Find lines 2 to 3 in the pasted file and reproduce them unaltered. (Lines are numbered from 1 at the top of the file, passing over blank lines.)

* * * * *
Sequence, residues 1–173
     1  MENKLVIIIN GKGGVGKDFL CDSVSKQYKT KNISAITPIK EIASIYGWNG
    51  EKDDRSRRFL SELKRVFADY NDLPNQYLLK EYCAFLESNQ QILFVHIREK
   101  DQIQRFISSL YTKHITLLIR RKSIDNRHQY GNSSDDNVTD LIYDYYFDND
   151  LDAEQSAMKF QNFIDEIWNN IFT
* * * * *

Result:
     1  MENKLVIIIN GKGGVGKDFL CDSVSKQYKT KNISAITPIK EIASIYGWNG
    51  EKDDRSRRFL SELKRVFADY NDLPNQYLLK EYCAFLESNQ QILFVHIREK